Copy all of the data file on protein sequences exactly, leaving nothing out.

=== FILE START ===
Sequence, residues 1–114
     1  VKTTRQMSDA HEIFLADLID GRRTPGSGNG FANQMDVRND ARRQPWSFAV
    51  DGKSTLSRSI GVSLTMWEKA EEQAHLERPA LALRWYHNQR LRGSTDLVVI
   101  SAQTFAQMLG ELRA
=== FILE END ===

Sequence, residues 1–114
     1  VKTTRQMSDA HEIFLADLID GRRTPGSGNG FANQMDVRND ARRQPWSFAV
    51  DGKSTLSRSI GVSLTMWEKA EEQAHLERPA LALRWYHNQR LRGSTDLVVI
   101  SAQTFAQMLG ELRA